In Memoriam 1942 – 2013 “Roger Ebert loved movies.”

RogerEbert.com

Thumb_sea_of_trees_ver5

The Sea of Trees

The Sea of Trees uses depression, cancer and suicide as manipulative devices to tug at heartstrings instead of offering even the slightest insight into the…

Thumb_dont_breathe

Don't Breathe

Don’t Breathe gets a little less interesting as it proceeds to its inevitable conclusion, but it works so well up to that point that your…

Other Reviews
Review Archives
Thumb_xbepftvyieurxopaxyzgtgtkwgw

Ballad of Narayama

"The Ballad of Narayama" is a Japanese film of great beauty and elegant artifice, telling a story of startling cruelty. What a space it opens…

Other Reviews
Great Movie Archives
Other Articles
Blog Archives

Reviews

Detroit Unleaded

Detroit Unleaded Movie Review
  |  

"Detroit Unleaded" was a great idea. A lot has been written lately about the city's depressed condition. Similarly, small storefront businesses run by immigrants in American urban ghettos have become standard hood movie tropes, but usually as experienced from the customer's side of the counter. This indie comedy aspires to take us into the heart of crumbling Detroit and behind the bullet-proof glass of a gas station/convenience store.



The trouble here is a lack of texture and urgency, despite a rapid visual pace that bounces around inside the convenience store and environs like the best movies in this subgenre, "Do the Right Thing", "Car Wash" and "Friday". There simply is no neighborhood personality here as vibrant as Chris Tucker's Smokey, or as believable in his lunacy as Bill Nunn's Radio Raheem. The filmmaker's cart is tugging frantically at a lazy horse.

That might be forgivable if the the romantic leads in the story, Sami (EJ Assi), the Lebanese-American heir to his family's gas station and Naj (Nada Shouhayib), a beautiful Arab-American cell phone store clerk, had explosive chemistry or greeted the obstacles to their courtship with something more than mild irritation. These are comely, personable kids, but a friend of mine summed up their general mall greeter affect by saying, of Assi, "He's good looking enough to be in a movie. Wait, he is in one." The movie itself forgets, too, giving us tidily cute moments that suggest a decent NBC sitcom pilot.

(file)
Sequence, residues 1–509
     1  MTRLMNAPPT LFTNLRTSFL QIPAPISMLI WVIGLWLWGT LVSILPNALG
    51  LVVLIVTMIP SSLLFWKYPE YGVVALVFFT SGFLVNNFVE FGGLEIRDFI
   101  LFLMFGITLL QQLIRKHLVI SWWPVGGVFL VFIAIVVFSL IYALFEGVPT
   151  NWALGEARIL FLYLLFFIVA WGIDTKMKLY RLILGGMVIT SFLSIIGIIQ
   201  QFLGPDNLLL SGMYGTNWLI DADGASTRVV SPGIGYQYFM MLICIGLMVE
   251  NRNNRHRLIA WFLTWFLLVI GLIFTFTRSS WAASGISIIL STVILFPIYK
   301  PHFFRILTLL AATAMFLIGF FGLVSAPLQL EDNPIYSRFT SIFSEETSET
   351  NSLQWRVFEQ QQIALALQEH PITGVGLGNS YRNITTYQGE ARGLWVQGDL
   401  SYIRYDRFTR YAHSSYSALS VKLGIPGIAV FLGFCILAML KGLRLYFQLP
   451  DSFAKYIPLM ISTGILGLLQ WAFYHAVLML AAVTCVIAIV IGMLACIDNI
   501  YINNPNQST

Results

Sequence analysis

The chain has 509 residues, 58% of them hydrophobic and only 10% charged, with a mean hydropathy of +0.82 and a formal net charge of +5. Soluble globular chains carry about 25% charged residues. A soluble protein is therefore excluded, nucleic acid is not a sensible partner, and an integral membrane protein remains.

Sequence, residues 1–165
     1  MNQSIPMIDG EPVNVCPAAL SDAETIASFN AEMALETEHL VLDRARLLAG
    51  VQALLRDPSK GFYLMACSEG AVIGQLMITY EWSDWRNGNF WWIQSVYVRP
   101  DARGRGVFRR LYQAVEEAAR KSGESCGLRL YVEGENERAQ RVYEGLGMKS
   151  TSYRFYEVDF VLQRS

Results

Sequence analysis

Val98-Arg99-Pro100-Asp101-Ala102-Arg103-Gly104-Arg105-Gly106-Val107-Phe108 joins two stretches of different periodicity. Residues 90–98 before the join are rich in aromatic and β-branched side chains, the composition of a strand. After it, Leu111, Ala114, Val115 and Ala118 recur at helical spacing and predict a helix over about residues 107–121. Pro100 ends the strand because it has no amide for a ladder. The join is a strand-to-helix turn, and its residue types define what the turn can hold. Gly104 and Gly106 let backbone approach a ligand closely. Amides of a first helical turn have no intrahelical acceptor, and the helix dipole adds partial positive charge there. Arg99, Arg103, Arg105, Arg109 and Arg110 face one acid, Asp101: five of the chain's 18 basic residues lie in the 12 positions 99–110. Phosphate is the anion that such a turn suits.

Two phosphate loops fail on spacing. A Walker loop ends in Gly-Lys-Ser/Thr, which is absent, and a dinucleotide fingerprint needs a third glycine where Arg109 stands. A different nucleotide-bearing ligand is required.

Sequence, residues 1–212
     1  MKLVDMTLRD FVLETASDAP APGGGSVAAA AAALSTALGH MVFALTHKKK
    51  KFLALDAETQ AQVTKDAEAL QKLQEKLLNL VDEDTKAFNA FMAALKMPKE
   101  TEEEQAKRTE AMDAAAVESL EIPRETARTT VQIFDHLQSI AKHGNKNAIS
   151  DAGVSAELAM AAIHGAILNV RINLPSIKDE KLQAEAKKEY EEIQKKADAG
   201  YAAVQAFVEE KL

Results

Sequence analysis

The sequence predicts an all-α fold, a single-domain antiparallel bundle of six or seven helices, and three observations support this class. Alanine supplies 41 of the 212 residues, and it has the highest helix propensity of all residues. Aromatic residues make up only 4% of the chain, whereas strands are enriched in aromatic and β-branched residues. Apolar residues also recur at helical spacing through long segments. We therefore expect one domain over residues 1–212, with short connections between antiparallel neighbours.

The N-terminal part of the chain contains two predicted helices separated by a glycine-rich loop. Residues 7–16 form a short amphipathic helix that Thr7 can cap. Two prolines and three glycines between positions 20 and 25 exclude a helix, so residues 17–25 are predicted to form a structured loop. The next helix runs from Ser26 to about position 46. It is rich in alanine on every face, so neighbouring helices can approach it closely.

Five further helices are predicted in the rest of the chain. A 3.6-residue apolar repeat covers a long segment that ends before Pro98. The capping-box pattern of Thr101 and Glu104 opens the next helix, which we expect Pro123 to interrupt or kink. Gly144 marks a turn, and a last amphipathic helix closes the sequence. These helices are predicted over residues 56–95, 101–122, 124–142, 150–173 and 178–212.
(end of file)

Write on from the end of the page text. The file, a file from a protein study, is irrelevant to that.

Tension is what this movie cries out for—sexual, racial, cultural, class…. As a variety of urban types pass through Sami's store, director Rola Nashef offers only superficial evidence that their dramas and dilemmas crowd and exasperate this restless 20-something, who commutes from suburban Dearborn to the purgatorial job that forced him to drop out of college (!). There's also the under-explored thread of grudging affection between the mostly black strivers/hustlers/working stiffs and their Middle Eastern counterparts.

The film opens with a burst of suggested violence that further hints at a lot bolder, blacker (in the dramatic sense) comedy. A handgun even reappears as the classical tragic omen, but there's rarely any sense of real investment or vulnerability in Assi's performance. Underneath it all, Nashef hides a strong and worthwhile multicultural vision. It's just visible in this sketch of a movie, so I hope she comes back to it with real force and ambition (not just the commercial calling card variety) next time around.



Popular Blog Posts

Hollywood Gave Up on You: The Summer Movies of 2016

A look back at how this summer's best offering, Netflix's "Stranger Things," makes the failure of this season's block...

Who do you read? Good Roger, or Bad Roger?

This message came to me from a reader named Peter Svensland. He and a fr...

Dirty Politics May Ruin Distribution, Oscar Chances of Phenomenal "Aquarius"

Pablo Villaça reports on the sad status of Brazil's government and its possible effect on a phenomenal new film from ...

The Top 11 Female Film Characters of All Time

All month, the Alliance of Women Film Journalists has been counting down the top 55 female film characters of all tim...

Reveal Comments
comments powered by Disqus